Elections have consequences, as several people have said. And sometimes those consequences come before the election, as politicians scramble to protect themselves from the wrath of the voters.
The House is expected to repeal the Independent Payment Advisory Board next week, putting pressure on the Senate to follow suit. While the bill has broad bipartisan support in the House, no Senate Democrats have so far signed onto repeal legislation despite coming under increasing pressure to do so.
The key phrase there is “so far.” They’re being pressured by the upcoming elections.
Remember that jobs bill that Obama stood in front of Congress and demanded that they pass right away? Harry Reid seems to have forgotten:
President Obama still is pressing Congress to pass his jobs stimulus bill immediately, but his own party leaders in the Senate, where Democrats have a majority, have pushed that vote off yet again.
House Speaker John Boehner said he’s tapped House Republican Conference Chairman Jeb Hensarling, R-Texas, to serve as co-chair of the committee. He’s also appointing House Ways and Means Committee Chairman Dave Camp, R-Mich., to the committee, as well as House Energy and Commerce Committee Chairman Fred Upton, R-Mich.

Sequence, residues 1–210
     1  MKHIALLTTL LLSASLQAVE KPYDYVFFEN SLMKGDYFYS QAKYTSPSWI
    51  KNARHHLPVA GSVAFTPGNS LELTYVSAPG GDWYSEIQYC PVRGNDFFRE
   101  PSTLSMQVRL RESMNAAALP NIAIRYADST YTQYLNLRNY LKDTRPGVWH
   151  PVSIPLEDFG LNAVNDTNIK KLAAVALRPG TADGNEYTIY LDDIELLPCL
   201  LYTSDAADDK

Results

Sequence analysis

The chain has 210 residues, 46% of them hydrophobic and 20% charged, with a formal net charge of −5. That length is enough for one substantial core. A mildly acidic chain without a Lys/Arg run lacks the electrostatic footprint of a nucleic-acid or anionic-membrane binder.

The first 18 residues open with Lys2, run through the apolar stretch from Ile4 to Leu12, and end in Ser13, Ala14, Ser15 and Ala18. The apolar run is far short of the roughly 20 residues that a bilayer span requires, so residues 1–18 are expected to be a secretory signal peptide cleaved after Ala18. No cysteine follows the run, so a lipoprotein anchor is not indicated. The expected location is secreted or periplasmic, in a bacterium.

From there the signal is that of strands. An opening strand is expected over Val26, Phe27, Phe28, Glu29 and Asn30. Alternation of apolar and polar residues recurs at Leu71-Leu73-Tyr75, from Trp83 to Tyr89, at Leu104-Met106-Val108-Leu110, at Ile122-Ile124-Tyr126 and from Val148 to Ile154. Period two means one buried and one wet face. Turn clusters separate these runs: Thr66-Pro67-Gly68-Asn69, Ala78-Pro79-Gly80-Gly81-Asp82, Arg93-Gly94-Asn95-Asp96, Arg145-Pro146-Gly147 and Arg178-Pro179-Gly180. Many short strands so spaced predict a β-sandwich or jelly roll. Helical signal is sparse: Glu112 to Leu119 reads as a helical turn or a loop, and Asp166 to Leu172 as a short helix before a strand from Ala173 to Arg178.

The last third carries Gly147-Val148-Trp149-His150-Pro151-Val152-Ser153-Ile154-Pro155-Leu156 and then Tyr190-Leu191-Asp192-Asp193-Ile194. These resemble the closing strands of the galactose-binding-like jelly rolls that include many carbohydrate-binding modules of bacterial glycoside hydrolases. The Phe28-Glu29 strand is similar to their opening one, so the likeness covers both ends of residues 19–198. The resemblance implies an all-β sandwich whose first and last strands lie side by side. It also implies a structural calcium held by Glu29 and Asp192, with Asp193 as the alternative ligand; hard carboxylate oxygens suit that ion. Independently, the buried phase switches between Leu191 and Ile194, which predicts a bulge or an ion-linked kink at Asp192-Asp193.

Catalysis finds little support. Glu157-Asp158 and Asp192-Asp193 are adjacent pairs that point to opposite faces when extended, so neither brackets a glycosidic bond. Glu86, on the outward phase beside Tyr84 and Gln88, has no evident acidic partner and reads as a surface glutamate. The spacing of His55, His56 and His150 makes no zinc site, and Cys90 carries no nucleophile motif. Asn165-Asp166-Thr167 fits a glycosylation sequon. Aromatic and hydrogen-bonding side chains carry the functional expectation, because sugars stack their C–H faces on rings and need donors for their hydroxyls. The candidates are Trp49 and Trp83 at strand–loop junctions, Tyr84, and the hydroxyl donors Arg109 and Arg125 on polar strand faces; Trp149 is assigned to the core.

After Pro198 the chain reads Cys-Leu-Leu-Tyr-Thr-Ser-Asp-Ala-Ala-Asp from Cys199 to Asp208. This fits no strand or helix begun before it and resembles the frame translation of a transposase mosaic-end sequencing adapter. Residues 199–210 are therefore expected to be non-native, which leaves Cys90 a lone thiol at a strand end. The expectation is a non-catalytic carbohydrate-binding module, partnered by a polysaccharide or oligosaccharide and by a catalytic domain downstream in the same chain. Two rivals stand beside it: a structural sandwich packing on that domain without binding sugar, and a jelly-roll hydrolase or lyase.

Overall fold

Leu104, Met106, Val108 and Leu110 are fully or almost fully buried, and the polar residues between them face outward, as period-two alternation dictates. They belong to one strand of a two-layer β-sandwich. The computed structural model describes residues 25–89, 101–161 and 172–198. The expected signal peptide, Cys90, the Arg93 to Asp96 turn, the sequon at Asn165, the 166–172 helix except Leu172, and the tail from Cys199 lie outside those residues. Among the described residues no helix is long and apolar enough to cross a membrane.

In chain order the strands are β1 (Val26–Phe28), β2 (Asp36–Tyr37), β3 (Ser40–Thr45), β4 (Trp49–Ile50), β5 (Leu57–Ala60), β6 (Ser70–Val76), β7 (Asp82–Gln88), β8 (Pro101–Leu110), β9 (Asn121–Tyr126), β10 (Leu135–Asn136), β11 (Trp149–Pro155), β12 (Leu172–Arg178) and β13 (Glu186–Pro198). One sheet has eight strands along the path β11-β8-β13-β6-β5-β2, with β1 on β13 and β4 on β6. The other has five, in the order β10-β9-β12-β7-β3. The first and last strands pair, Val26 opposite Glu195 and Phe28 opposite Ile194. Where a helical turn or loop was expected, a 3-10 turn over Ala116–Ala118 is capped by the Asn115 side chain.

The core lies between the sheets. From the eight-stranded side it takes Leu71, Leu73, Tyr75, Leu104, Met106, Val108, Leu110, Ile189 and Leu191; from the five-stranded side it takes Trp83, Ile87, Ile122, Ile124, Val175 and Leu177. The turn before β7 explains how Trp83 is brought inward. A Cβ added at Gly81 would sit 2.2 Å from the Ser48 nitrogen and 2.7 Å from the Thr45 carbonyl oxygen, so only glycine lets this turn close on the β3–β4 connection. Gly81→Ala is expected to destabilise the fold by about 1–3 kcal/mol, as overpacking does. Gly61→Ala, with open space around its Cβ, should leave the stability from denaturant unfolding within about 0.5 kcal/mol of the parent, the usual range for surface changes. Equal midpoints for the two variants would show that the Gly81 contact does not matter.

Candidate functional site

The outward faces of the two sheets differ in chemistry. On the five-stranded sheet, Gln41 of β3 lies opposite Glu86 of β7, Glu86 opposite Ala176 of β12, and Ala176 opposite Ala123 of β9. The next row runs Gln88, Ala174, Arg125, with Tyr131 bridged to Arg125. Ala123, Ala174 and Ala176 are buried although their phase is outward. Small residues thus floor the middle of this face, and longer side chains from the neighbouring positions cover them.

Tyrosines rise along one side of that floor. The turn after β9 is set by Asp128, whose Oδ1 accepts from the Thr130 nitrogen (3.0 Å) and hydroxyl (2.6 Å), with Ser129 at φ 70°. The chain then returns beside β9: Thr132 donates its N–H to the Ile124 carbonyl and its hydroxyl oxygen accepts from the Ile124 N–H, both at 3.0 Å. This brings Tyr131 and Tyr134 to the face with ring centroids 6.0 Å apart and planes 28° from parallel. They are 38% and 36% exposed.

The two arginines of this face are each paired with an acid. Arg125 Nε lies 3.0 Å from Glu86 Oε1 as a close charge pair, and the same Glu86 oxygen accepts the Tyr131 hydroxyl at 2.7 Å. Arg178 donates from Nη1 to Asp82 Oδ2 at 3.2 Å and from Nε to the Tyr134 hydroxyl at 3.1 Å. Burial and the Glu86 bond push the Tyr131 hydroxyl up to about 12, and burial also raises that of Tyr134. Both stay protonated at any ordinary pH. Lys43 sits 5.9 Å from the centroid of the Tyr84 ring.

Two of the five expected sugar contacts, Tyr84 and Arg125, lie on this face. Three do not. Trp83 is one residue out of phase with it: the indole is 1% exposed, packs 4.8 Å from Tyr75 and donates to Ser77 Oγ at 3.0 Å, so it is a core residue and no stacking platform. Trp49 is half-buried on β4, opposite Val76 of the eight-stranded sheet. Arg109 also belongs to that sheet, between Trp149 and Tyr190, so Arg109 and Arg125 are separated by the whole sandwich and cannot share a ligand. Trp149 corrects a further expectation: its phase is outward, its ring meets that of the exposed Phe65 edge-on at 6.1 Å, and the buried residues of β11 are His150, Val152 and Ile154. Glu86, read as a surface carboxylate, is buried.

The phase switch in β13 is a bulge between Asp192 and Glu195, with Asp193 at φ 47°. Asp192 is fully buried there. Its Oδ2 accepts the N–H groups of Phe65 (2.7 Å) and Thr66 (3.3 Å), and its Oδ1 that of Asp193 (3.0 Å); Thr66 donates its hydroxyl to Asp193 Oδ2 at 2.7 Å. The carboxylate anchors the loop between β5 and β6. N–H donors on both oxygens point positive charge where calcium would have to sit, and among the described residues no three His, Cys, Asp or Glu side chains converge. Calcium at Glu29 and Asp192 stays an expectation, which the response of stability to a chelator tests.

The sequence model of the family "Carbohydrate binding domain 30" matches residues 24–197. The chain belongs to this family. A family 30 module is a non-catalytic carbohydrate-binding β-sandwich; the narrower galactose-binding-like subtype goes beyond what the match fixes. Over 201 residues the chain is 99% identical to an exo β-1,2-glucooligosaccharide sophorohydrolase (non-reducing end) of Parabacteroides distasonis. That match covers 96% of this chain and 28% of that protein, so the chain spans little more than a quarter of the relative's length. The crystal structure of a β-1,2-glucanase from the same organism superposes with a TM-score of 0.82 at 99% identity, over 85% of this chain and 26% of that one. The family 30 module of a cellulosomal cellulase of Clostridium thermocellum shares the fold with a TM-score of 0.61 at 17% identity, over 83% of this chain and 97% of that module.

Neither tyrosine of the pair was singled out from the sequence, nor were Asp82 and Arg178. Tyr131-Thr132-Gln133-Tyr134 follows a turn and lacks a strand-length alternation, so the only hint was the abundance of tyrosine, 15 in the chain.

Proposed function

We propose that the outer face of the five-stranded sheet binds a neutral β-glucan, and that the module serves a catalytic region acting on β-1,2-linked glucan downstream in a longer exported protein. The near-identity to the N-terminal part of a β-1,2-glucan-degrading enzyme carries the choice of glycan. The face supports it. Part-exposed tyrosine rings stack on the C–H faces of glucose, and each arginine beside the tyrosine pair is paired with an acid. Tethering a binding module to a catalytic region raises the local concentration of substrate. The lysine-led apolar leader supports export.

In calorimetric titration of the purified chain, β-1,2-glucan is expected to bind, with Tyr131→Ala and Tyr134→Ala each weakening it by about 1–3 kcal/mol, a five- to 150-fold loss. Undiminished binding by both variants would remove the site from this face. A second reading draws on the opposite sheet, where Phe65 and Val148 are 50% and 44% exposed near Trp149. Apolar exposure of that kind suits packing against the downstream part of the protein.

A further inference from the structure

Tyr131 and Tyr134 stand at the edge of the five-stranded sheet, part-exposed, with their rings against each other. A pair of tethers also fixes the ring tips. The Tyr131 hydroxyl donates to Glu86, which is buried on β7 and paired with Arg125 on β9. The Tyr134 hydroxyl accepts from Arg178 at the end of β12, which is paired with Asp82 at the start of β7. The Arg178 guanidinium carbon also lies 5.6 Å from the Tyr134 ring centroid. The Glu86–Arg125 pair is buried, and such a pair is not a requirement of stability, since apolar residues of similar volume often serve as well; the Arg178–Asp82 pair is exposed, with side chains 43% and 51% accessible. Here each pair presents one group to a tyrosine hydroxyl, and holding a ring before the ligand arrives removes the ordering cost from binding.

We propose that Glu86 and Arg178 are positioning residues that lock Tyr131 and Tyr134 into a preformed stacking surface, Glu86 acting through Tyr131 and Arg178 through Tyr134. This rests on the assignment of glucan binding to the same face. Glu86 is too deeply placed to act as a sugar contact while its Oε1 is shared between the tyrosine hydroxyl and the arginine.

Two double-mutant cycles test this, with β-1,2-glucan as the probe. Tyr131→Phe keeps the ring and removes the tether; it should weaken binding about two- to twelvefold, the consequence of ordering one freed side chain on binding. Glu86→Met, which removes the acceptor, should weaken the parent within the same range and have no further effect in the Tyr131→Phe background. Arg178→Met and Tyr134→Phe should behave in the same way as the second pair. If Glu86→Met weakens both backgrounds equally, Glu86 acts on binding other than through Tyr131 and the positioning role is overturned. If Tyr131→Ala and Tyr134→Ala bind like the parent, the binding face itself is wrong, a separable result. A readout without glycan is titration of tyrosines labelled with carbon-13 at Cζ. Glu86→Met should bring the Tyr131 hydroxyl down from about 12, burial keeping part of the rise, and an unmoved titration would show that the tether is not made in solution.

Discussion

Senate Republican Leader Mitch McConnell said he’s appointing Sens. Jon Kyl, Ariz., Pat Toomey, Pa., and Rob Portman, Ohio.
National Journal (emphasis in original):
Senate Majority Leader Harry Reid, D-Nev., will appoint Democratic Sens. Patty Murray of Washington, Max Baucus of Montana, and John Kerry of Massachusetts to the new super committee tasked with finding $1.2 trillion in additional deficit reduction by November 23, according to a senior Democratic aide familiar with Reid’s decision, which is expected to be made public as early as Wednesday.
Two legal eagles have commented on the constitutionality of the “super-commission” created by the debt deal, and have voted in the affirmative.
2) Article I, Section 7: “All bills for raising Revenue shall originate in the House of Representatives.” 3) Article I, Section 8: “The Congress shall have Power To lay and collect Taxes, Duties, Imposts and Excises, to pay the Debts and provide for the common Defence and general Welfare of the United States . . . .”
Now there’s a Senator with a good idea:
Today Senator Ron Johnson (WI) introduced S. 1438, the Regulation Moratorium and Job Preservation Act. The bill calls for a moratorium on burdensome federal regulations until the national unemployment rate falls to 7.7 percent – below where it was when President Obama was sworn into office.